Valencia St. (just one)

The Tenderloin

Revamped the Burning Man Archive

BRC 2013
Violence, humor, and unsafe conditions always on display at Burning Man (2013).

Stencil Archive's Burning Man - Black Rock City archive has been cleaned up and updated!

I don't head out to Black Rock City anymore, but I do enjoy following the fun every year. I know that Jeremy Novy and fnnch go out there to make art and have fun, and I can only assume that stencils are still all over the place at Burning Man. My first time out, I was unprepared for my usual urban habit of snapping pics of stencils. My camera evolved over the preceding visits: disposable film > borrowed digital with memory card > old iPhone; but I managed to catch stencils during my wanderings. Every year I attended. And I started cutting and painting my own out there as well.

After helping a few first timers this year, and following the fun again online, I took a look at my BRC archive here on Stencil Archive and realized that it was a bit of a mess. I thought I'd move a few photos, reorder a bit more, and call it done, but I ended up renaming dozens of images. I then decided to reduce to my preferred size and add the logo watermark. While I was doing all this work, I have renamed the archive for Nevada and BRC.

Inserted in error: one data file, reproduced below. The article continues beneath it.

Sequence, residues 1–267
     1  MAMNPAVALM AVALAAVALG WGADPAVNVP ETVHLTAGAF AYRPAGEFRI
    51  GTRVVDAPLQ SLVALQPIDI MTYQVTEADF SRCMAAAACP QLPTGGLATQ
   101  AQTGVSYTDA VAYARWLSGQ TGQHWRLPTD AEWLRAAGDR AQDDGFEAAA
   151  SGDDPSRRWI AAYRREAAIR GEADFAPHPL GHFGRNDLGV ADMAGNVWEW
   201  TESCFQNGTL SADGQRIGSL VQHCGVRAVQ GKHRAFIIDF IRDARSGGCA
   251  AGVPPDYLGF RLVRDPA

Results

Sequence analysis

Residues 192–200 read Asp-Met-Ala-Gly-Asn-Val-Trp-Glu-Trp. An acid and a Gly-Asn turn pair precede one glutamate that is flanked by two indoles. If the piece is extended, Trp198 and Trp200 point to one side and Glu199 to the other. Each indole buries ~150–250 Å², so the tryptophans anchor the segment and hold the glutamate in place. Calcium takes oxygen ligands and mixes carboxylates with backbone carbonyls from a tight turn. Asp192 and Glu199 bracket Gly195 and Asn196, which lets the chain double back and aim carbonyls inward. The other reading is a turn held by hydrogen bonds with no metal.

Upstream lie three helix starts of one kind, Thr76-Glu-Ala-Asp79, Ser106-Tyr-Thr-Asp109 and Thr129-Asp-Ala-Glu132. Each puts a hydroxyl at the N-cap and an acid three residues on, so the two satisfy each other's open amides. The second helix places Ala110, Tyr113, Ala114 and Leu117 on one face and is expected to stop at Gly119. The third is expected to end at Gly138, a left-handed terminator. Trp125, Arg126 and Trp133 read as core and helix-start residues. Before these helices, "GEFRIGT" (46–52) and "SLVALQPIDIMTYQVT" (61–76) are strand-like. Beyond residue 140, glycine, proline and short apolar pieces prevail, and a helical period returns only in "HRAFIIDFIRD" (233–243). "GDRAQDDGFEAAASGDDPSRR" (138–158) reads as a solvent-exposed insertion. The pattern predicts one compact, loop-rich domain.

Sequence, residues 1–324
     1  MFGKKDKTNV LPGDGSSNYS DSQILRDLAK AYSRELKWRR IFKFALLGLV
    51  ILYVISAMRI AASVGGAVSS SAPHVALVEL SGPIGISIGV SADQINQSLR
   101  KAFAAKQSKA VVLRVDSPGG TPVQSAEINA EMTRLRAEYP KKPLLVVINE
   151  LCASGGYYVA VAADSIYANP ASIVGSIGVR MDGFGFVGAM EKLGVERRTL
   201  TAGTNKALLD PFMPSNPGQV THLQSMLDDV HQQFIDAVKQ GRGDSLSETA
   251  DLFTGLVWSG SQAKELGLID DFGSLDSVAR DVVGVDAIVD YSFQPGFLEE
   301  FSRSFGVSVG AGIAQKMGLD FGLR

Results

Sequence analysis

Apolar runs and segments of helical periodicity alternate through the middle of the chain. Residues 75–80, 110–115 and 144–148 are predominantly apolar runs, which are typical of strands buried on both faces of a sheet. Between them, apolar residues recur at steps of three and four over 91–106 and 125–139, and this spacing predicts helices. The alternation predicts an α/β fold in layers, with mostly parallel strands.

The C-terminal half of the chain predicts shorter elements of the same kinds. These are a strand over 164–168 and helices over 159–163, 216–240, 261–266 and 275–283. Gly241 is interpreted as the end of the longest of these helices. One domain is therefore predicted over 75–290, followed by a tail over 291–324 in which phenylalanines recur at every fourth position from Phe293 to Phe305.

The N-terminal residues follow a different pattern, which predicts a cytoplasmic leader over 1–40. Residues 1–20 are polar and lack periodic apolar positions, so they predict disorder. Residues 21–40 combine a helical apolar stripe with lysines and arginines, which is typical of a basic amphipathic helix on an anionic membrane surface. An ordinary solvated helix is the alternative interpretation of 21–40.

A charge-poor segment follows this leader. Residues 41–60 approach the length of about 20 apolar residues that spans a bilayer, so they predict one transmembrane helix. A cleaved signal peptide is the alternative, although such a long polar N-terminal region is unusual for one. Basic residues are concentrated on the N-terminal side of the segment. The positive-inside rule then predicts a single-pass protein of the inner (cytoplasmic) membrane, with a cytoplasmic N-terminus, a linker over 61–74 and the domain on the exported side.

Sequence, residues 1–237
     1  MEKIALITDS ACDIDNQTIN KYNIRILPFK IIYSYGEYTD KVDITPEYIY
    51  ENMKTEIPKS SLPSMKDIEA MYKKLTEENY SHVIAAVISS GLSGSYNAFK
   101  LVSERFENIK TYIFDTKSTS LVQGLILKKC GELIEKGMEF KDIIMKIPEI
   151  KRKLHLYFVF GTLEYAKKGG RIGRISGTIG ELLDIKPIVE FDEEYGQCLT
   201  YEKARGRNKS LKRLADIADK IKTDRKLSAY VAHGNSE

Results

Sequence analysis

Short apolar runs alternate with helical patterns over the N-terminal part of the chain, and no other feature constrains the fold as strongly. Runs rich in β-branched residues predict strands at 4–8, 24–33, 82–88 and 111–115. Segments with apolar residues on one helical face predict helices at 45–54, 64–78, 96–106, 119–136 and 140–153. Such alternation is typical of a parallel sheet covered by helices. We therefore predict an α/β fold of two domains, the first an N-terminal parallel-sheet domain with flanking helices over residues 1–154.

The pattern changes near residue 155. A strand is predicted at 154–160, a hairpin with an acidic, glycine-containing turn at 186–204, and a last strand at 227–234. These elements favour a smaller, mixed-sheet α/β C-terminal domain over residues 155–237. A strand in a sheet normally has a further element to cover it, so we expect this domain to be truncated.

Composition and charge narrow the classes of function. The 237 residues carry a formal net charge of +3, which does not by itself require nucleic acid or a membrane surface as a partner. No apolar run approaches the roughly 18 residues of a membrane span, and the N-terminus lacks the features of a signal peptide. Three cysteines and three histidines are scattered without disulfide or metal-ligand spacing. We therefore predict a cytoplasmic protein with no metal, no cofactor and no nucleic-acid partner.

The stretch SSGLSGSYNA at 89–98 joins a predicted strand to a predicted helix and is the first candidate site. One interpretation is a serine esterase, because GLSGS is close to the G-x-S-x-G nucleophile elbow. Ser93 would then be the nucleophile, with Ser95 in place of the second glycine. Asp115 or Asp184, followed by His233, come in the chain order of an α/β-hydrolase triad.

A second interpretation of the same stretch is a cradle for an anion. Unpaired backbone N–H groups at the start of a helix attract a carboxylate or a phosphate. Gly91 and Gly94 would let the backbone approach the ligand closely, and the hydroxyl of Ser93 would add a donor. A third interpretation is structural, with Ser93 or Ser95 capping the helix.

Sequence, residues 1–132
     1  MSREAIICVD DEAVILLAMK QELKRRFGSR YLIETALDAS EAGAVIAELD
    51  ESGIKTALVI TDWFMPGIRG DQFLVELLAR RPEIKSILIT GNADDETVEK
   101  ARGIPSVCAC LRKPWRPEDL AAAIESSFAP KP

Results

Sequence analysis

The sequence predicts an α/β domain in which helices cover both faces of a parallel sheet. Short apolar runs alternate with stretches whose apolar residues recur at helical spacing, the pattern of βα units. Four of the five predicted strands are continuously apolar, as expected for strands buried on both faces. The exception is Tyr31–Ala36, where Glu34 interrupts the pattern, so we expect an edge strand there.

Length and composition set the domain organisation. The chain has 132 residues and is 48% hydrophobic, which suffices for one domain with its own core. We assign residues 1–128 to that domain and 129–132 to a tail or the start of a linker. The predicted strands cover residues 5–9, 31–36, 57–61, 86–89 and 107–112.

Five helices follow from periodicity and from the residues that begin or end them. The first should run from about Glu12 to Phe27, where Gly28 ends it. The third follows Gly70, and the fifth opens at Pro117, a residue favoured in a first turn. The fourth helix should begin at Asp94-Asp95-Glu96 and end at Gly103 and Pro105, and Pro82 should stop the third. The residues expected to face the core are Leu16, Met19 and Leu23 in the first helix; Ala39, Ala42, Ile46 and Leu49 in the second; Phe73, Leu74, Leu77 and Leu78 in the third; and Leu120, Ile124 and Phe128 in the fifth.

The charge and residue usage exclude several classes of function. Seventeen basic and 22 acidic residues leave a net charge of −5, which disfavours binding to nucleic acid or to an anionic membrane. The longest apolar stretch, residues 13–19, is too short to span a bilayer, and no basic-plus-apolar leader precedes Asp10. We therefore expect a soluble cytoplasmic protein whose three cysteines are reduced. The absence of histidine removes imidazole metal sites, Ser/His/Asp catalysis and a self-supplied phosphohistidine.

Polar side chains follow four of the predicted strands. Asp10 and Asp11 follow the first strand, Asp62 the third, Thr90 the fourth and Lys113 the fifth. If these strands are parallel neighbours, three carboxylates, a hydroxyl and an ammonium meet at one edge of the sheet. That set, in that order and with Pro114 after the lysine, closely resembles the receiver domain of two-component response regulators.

Enjoy the new and improved Burning Man stencil love. And, like a DPW stencil said in 2006: If "you're not dirty enough," then you aren't having enough fun out there. :)

SF 2023 State of Graffiti Tagging

How SF is aiding businesses clean persistent graffiti
SF Examiner (Link, with maps and graphs)

A parklet, a storefront, a billboard.

Graffiti pops up across The City seemingly as fast as it’s removed.

The City launched a pilot program to help businesses clean up graffiti last November in a press conference that featured Mayor London Breed painting over graffiti scrawled over a vacant brewery in the Inner Sunset.

Less than a year later, graffiti still abounds in not only the Inner Sunset but other San Francisco neighborhoods as well.

The $2 million “courtesy graffiti abatement” program was funded for a second consecutive year in The City budget adopted by legislators and signed by Breed last month. It employs workers who will respond to businesses that report tagging on their buildings.